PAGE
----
To add text to your work area as an independent object, click on the Text tool in the ribbon above the work area or click on Add Text in the SmartPanel.

Editing text

Converting a Shape into a Table

UML objects that specify operations and attributes are depicted as rectangles with rows. You can use the symbols in the UML libraries, or you can draw your own by converting a rectangle shape into a table.

To convert a rectangle, select it, then go to the Table tab and choose the number of columns and rows you want and click Insert Table.

Insert a table inside a shape

Once your shape is converted, you can use the standard Table menu commands to change a cell's background color as well as the grid line thickness and color. You can also Join and Split cells to further customize your shape. To enter text into a cell, double-click on it and type.

Edit tables

If you want even more freedom in editing these symbols, you can group or ungroup them in the Design tab.

Once a symbols are grouped you can stretch to grow them as a single unit.

If you ungroup a symbol, you can stretch, shrink, and grow the elements of a symbol separately and reassemble them to your liking.


Arranging Objects

You can arrange objects on your page by selecting them and moving them with the mouse. For finer adjustments you can use the arrow keys to nudge the object or objects into place. The Design tab provides a variety of helpful commands that help you position your objects better.

For example, to align a number of class objects to each other, first, select the objects you want to arrange. Do this by clicking on each object in turn (while holding down the Shift key).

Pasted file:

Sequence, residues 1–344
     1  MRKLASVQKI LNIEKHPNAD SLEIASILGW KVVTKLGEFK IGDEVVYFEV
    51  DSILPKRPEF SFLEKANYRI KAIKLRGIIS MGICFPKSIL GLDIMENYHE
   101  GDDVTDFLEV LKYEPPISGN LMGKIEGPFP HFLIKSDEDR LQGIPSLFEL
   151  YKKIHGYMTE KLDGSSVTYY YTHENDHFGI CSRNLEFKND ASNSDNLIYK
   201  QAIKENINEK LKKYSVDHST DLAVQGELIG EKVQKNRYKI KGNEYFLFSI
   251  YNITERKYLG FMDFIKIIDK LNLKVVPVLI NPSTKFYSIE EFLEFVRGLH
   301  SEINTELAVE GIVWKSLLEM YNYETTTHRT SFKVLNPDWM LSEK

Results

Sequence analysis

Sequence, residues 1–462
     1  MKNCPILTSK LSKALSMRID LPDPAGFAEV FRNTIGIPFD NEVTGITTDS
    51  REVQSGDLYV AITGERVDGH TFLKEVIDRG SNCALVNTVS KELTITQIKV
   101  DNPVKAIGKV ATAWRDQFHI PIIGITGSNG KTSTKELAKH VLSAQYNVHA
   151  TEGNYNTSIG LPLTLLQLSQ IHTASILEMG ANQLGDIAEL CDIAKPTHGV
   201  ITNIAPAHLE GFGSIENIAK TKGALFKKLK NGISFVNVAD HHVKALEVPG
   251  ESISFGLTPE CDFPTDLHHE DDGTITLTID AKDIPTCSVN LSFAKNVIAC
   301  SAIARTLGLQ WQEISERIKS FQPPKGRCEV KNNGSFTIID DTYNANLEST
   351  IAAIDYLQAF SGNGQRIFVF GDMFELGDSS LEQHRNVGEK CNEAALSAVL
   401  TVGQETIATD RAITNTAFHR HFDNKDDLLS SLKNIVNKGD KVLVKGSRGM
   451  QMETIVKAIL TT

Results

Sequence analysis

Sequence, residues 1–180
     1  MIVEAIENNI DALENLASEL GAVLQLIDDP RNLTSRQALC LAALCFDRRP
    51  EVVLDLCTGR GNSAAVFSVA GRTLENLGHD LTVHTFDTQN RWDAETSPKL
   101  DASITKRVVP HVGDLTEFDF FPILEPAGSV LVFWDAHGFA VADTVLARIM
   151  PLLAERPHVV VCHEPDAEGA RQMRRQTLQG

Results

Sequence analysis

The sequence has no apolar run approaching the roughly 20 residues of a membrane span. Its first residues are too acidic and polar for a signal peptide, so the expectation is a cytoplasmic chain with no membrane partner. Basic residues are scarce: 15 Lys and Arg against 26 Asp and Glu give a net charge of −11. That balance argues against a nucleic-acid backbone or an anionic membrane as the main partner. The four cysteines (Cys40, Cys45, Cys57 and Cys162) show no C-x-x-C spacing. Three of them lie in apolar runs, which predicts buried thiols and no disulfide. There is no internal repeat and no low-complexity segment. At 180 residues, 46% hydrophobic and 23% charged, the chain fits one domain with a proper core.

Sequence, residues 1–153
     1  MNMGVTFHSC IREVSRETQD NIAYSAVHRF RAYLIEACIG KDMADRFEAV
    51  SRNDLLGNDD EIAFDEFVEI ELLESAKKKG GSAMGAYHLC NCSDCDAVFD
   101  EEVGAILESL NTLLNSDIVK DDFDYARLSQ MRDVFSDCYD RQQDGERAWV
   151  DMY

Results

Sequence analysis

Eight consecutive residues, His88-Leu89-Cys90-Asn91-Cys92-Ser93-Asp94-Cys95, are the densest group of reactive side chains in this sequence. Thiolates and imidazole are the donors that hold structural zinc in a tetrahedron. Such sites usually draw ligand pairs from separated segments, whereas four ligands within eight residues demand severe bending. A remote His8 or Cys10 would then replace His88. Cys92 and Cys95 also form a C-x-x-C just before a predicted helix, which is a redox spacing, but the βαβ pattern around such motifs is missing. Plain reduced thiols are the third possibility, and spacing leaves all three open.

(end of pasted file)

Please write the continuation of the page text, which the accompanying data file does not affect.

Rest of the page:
The last object you click has black selection handles and is called the Target Object. When you use the Align or Make Same Size commands, all the selected objects will be aligned or sized to match the target object.

Align objects
Make the same size

Arranging Objects Vertically

You can think of the objects in your drawing as a vertical stack of blocks. Objects drawn earlier are on the bottom of the stack while objects drawn later are at the top of the stack. The object drawn last is the shape that's on top.

If a recently drawn object like a loop on a sequence diagram covers parts of your drawing, you can go to the Fill command under the Home tab and set the opacity to 0%. Alternatively, you can go to the Design tab and choose Send to Back to change the order of the stack.

Set to transparent
Send to back

Rotating Objects

Although most software diagrams have a horizontal layout, there might be cases where you will need objects to be at an angle. Most objects have a rotating handle near their right edge. To rotate an object manually, move your cursor over the handle until it changes into a circular arrow, click down with the mouse, and rotate. When finished rotating, release the mouse to see the rotated object.

When on object is too small to have a rotator handle or you want to rotate it more precisely, select the object, go to the Design tab, and using the Rotate command, specify the exact angle of rotation within one tenth of a degree.

You can rotate straight lines, any shape, and even most imported items. However, you cannot rotate segmented lines, curves, automatic connectors, and bit maps. Objects also don't rotate when linked. To rotate a hooked element, such as the initial and final state symbols, first unhook it and reattach it only after it's been rotated.